Role of PAD2 in ER-DNA Binding and Endocrine Resistance
Principal Investigator: Scott A. Coonrod
DESCRIPTION (provided by applicant):
Estrogen receptor alpha (hereafter called ER) is believed to be the main driver of most (>75%) breast cancers in women. Once bound by estrogen, ER works by “turning on” genes that are required for tumor cell growth. Tamoxifen is frequently used to treat ER+ breast cancer because this drug out competes estrogen for ER binding and causes the growth genes to be “turned off” leading to tumor cell death. Unfortunately, many women that receive tamoxifen therapy eventually become resistant to tamoxifen and their tumors begin to grow and spread again. Exactly how tamoxifen resistance occurs remains unclear and this lack of understanding remains a major barrier to developing potentially curative therapies for ER+ breast cancer. One potential reason that these ER+ tumor cells become tamoxifen-resistant is that long-term tamoxifen treatment eventually causes the overproduction of a set of ER-associated proteins called coactivators. These co-activators can then convert tamoxifen from an antagonist to an agonist; meaning that, in the presence of elevated levels of these co-activators, tamoxifen somehow undergoes a switch and begins to turn ER target genes on instead of turning them off. The main goal of this application is to use cutting-edge “big data” technologies to formally test the requirement the PAD2 for estrogen and tamoxifen signaling. Successful completion of our proposed studies will advance our understanding of the precise mechanisms by which estrogen and tamoxifen regulate the expression of ER target genes in breast cancer cells and how the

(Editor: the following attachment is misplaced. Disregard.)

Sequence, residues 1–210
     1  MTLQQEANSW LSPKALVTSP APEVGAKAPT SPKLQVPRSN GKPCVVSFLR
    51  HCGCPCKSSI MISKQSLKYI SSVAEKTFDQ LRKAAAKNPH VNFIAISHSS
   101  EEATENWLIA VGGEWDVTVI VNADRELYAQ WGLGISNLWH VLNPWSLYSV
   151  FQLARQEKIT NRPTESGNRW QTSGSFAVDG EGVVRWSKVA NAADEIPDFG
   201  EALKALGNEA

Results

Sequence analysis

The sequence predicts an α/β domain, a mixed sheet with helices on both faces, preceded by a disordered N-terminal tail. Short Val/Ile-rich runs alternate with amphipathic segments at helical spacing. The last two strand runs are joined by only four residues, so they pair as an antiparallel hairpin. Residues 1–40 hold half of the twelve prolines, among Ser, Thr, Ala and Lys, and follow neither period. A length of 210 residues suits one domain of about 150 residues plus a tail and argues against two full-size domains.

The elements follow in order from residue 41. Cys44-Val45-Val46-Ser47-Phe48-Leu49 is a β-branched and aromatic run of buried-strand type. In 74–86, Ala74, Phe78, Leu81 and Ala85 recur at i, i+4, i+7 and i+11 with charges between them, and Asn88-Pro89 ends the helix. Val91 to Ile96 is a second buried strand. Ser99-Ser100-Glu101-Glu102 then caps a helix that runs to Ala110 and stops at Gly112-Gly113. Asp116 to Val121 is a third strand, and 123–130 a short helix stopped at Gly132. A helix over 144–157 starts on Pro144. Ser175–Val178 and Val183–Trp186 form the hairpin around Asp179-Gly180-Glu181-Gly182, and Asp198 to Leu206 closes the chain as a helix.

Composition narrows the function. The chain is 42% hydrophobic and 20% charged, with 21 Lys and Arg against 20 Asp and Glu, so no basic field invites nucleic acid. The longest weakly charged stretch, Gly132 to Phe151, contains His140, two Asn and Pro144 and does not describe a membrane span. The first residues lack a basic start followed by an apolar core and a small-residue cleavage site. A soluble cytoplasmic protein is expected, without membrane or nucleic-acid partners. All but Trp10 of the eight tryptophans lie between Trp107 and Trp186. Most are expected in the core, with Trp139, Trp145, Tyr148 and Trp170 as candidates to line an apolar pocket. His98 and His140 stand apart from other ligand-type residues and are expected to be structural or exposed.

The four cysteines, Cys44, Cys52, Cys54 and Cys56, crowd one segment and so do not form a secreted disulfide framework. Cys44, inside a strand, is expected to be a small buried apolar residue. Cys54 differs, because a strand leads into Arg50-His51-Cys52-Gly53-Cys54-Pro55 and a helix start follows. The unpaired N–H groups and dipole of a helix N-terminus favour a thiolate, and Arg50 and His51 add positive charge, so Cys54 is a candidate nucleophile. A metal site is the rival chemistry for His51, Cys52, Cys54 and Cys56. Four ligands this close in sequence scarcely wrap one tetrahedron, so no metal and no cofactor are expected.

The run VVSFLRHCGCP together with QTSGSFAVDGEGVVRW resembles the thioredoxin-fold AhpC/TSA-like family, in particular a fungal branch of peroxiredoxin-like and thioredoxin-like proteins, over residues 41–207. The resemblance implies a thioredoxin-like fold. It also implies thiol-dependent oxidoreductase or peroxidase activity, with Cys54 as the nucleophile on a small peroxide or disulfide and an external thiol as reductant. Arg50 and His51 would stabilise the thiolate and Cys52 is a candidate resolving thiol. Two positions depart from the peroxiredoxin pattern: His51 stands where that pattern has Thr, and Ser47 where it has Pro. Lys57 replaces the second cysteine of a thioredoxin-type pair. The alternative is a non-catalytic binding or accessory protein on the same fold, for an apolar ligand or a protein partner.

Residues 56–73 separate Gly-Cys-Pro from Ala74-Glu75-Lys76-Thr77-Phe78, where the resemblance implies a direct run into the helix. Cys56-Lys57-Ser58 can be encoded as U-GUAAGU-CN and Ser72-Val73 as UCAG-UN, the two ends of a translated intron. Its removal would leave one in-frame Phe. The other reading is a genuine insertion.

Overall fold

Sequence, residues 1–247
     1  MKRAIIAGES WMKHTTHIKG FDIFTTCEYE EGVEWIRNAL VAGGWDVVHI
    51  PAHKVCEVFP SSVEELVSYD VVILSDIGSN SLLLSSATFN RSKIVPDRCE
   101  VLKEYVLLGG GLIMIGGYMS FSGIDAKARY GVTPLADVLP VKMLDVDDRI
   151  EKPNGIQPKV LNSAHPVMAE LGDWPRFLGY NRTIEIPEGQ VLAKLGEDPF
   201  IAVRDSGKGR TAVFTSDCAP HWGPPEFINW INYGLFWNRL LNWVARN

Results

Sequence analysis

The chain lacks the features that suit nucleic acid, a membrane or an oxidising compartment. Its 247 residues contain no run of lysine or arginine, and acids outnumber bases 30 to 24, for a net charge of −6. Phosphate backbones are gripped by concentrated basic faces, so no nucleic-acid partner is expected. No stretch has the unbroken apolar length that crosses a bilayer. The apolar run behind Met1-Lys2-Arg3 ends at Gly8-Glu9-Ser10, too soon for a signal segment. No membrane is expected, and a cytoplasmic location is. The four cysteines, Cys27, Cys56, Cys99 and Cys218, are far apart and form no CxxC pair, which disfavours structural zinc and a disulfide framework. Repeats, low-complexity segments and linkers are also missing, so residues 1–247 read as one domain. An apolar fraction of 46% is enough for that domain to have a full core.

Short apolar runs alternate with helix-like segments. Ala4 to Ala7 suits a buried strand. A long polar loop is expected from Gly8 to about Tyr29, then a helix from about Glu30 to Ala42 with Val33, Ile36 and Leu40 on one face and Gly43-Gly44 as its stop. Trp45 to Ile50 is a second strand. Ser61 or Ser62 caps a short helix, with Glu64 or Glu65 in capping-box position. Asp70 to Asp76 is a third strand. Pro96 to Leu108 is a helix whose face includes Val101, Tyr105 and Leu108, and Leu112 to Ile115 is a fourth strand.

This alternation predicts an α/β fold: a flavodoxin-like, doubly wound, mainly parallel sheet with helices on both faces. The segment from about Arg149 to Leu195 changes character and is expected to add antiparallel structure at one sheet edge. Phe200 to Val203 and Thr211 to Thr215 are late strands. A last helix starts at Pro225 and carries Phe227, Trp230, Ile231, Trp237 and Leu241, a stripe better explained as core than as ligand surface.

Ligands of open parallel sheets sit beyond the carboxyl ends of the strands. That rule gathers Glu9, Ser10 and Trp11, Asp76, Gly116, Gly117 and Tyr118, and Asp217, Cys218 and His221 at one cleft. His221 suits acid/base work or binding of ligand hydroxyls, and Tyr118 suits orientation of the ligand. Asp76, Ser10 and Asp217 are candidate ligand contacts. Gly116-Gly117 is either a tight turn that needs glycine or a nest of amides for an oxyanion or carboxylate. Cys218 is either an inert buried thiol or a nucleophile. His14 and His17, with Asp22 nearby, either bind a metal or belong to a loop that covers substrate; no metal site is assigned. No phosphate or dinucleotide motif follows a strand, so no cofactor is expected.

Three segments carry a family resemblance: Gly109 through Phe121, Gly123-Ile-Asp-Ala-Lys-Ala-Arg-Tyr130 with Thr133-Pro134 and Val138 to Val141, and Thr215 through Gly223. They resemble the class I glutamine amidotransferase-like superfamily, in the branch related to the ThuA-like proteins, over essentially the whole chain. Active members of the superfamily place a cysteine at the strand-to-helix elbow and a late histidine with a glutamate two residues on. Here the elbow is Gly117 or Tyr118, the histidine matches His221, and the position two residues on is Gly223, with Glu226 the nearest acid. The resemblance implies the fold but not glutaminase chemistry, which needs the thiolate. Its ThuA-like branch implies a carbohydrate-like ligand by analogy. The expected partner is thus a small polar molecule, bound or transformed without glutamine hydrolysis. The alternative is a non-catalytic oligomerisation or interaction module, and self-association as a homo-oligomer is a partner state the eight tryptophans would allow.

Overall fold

antagonist-to-agonist “tamoxifen switch” occurs. Additionally, our studies will also help to define new drug candidates for the treatment of tamoxifen sensitive and resistant ER+ breast cancer. In an adjuvant setting, these new therapies could potentially have curative effects for the treatment of early stage ER+ breast cancer.